The festival is held in various parks around Harbin, and ice sculptures are showcased on the main street. I have been enjoying Sun Island Park, which is only open during the day. A scenic cable car ride over a very picturesque frozen Songhua river ensures you arrive and depart comfortably. The same cable car ride provides a bird’s eye view of the frozen river, passing over horse-drawn carriages awaiting passengers, an ice skating rink and various other activities; all taking advantage of this usually flowing frozen beauty.
Back in town, I catch a cab to Zhaolin Park. The ice sculptures on display here are constructed from ice bricks. Whilst quite different from the compacted snow sculptures at Sun Island Park, they are no less amazing. In fact, I enjoy them more as the sculptures themselves have provided a refuge from the wind chill that has set in. I spend hours walking around the park, in, around and through the various sculptures. In addition to the sculptures, there are red lanterns hanging on the snow-powdered trees, and a beautiful snow-covered bridge. It’s a perfect location for an Instagram selfie or two.
When the sun goes down, this is when the true magic happens. The frosted ice bricks are transformed by a multitude of lights, turning the castles and ice sculptures into a colourful winter fairy tale. Even though I am wearing thermals and two extra layers of clothes, without the warmth of the sun, I am uncomfortably cold; so I cut my visit short. I visit again the next morning and it is absolutely delightful as I have the warmth of the sun and the whole place virtually to myself.
Back on the frozen Songhua River is Harbin Ice and Snow World, another main attraction to the Ice Festival. Like Zhaolin Park, this is best viewed at night due to the colour explosion of lights. This park gives off a real popular culture and fairy tale vibe with its ice sculptures. I can’t help but be reminded of Disney’s Frozen movie as I run my hand along the wall of an ice cube castle.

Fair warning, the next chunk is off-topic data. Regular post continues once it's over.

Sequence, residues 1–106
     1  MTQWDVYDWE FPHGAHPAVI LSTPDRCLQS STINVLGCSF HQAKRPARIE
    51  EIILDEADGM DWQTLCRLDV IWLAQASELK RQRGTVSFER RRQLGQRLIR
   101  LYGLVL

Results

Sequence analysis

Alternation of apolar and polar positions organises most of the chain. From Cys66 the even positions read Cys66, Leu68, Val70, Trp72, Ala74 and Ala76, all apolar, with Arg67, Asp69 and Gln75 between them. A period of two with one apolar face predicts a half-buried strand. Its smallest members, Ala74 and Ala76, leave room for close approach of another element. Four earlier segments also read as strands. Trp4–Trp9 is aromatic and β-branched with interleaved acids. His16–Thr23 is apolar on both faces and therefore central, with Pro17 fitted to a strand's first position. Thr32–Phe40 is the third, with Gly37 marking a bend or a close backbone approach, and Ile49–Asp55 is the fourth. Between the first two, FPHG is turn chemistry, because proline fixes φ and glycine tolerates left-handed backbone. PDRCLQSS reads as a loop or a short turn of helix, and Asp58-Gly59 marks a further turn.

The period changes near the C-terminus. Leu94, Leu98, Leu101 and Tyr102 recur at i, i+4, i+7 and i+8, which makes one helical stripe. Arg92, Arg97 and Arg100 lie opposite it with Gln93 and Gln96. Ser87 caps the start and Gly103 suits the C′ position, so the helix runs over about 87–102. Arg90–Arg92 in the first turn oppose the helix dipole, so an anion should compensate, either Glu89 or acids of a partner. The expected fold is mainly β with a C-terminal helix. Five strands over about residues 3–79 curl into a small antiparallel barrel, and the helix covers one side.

I am pleased to find a lot more facilities here than the other two parks. You can do some shopping, rent ski items and try out the local food.
There is more to do at the International Ice and Snow Sculpture Festival than just visiting the sculptures, although this spectacle alone makes the visit worthwhile. If you time your visit right, you can witness the grand opening ceremony or see theatrical performances. There are unique activities on offer such as snow biking and ice sailing; or you can always stick with old favourites such as building a snowman, or starting a snow ball fight.
Whilst the temperature in Harbin is freezing cold at this time of year, it just adds to Harbin’s charm. If you embrace the thermals, the thick gloves and the Russian-looking ear flap beanies, you will find yourself having a memorable once in a life time experience. The International Ice and Snow Sculpture Festival is an event not to be missed.
WHAT TO WEAR
- A coat that is longer than waist length, insulated and windproof
- A beanie that covers your ears (I know they look funny, but don’t worry, everyone wears them here!)
- Snow boots or waterproof shoes
- Winter or thermal socks
- A long thick scarf to keep your neck and face warm
- Insulated gloves (cheap thin gloves will not cut it here)
- Thermals and extra layers
ACCOMMODATION Harbin has a range of accommodation options from budget hostels to well-known 5-star hotels.
GETTING THERE AirAsia has daily flights to Beijing from a number of destinations. Search for flights here. From Beijing, Harbin is easily reached by a 2-hour flight or an 8-hour bullet train ride.
Featured image by marcmooney